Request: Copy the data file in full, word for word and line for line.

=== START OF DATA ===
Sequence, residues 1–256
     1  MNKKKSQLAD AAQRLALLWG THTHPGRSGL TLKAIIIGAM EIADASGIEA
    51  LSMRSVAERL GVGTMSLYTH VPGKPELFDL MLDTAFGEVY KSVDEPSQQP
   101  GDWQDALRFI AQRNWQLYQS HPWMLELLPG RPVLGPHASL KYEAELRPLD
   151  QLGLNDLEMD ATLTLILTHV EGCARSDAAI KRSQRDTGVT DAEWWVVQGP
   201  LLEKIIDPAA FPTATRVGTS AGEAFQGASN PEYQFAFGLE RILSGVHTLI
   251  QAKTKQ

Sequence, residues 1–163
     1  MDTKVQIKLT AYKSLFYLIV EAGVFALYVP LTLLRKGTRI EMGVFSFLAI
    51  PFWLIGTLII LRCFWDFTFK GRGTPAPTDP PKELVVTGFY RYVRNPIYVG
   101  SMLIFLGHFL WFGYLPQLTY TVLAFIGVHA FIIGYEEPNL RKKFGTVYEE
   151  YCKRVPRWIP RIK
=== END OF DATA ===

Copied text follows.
Sequence, residues 1–256
     1  MNKKKSQLAD AAQRLALLWG THTHPGRSGL TLKAIIIGAM EIADASGIEA
    51  LSMRSVAERL GVGTMSLYTH VPGKPELFDL MLDTAFGEVY KSVDEPSQQP
   101  GDWQDALRFI AQRNWQLYQS HPWMLELLPG RPVLGPHASL KYEAELRPLD
   151  QLGLNDLEMD ATLTLILTHV EGCARSDAAI KRSQRDTGVT DAEWWVVQGP
   201  LLEKIIDPAA FPTATRVGTS AGEAFQGASN PEYQFAFGLE RILSGVHTLI
   251  QAKTKQ

Sequence, residues 1–163
     1  MDTKVQIKLT AYKSLFYLIV EAGVFALYVP LTLLRKGTRI EMGVFSFLAI
    51  PFWLIGTLII LRCFWDFTFK GRGTPAPTDP PKELVVTGFY RYVRNPIYVG
   101  SMLIFLGHFL WFGYLPQLTY TVLAFIGVHA FIIGYEEPNL RKKFGTVYEE
   151  YCKRVPRWIP RIK